January 14, 2018 11:01 PM
Members of Minnesota's undocumented community came out of the shadows recently to share their stories as lawmakers continue to debate immigration reform.
Ramsey County Libraries in Roseville last week hosted an "Ask a Dreamer" panel.
The panelists spoke publicly about their concerns over immigration reform. Some are shielded from deportation by the Deferred Action for Childhood Arrivals program. But their status is in limbo.
Last year, the Trump Administration announced the end of DACA, citing an overreach of power by the Obama Administration.
The program allows nearly 700,000 active DACA recipients to stay in the United States. Those in the program call themselves Dreamers, and were brought to the United States illegally as minors.
Lawmakers and President Trump have gone back and forth over legislation that would allow DACA recipients to maintain their legal status.
The president has previously said any immigration deal must include funding for a border wall along the U.S.-Mexico border.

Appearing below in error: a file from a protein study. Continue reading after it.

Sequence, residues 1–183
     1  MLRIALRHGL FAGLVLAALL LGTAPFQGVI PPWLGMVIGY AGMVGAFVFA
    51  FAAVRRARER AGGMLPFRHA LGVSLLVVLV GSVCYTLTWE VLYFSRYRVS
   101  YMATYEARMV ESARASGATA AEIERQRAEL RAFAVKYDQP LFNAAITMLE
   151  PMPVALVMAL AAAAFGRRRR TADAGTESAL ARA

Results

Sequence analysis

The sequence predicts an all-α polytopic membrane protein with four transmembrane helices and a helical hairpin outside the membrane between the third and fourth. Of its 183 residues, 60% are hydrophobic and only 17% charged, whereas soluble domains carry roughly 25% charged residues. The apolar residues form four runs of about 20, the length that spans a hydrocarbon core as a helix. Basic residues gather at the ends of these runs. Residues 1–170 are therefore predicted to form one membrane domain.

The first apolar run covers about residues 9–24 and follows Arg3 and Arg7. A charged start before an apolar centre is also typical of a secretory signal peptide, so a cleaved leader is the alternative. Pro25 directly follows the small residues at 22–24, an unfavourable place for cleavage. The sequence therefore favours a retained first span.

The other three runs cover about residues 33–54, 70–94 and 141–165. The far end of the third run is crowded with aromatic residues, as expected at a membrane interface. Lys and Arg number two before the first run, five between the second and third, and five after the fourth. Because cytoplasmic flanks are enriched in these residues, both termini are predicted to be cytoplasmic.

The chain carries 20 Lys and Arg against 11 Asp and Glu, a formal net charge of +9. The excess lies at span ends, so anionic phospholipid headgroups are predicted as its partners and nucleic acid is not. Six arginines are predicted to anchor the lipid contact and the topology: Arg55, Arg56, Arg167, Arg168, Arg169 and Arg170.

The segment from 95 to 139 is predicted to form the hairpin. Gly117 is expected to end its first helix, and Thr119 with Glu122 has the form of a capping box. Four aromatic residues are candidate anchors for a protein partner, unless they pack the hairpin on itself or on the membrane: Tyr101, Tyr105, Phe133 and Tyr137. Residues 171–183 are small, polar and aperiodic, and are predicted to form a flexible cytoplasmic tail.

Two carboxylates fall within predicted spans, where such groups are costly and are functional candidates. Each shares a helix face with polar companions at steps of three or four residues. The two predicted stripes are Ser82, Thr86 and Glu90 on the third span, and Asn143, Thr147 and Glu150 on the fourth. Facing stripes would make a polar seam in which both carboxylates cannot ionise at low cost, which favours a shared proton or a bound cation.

"The president wants to have his cake and eat it too," said Adriana Cerrillo, a community activist. "So we'll give you DACA and we'll give you something if we build this wall."
Cerrillo came to the United States when she was a teenager and lived without documents before finally earning her residency.
"I know what it's like to live in fear, to live in the shadows," Cerrillo said.
Cerrillo and other panelists are hopeful real immigration reform will be accomplished, but they want a standalone bill. One panelist said she and other Dreamers should not be used as bargaining chips.
Said Cerrillo: "I'm very hopeful because our community is taking action and the change comes from us not really the politicians."
Updated: January 14, 2018 11:01 PM
Created: January 14, 2018 10:52 PM
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